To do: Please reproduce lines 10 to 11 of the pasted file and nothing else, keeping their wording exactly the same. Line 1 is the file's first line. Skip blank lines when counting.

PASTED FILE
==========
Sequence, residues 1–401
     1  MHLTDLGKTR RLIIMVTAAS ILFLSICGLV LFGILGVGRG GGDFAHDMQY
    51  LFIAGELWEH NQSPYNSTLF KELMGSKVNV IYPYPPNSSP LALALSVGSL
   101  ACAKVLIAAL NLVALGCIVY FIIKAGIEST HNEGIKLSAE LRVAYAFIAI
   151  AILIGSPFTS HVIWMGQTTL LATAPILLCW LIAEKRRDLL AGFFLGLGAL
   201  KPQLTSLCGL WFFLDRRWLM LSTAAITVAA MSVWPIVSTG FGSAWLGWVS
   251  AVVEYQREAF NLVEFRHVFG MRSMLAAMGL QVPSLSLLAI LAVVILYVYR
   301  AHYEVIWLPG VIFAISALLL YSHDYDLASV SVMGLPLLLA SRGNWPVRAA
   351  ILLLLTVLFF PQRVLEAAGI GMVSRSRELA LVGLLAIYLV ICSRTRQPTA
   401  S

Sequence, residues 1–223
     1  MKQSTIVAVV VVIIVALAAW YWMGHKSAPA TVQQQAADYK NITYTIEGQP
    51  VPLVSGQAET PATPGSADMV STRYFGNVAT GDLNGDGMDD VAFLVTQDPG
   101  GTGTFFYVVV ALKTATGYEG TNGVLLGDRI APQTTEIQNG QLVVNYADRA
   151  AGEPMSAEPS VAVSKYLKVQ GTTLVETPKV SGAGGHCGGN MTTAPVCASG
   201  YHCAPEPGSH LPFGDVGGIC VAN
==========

   401  S

Sequence, residues 1–223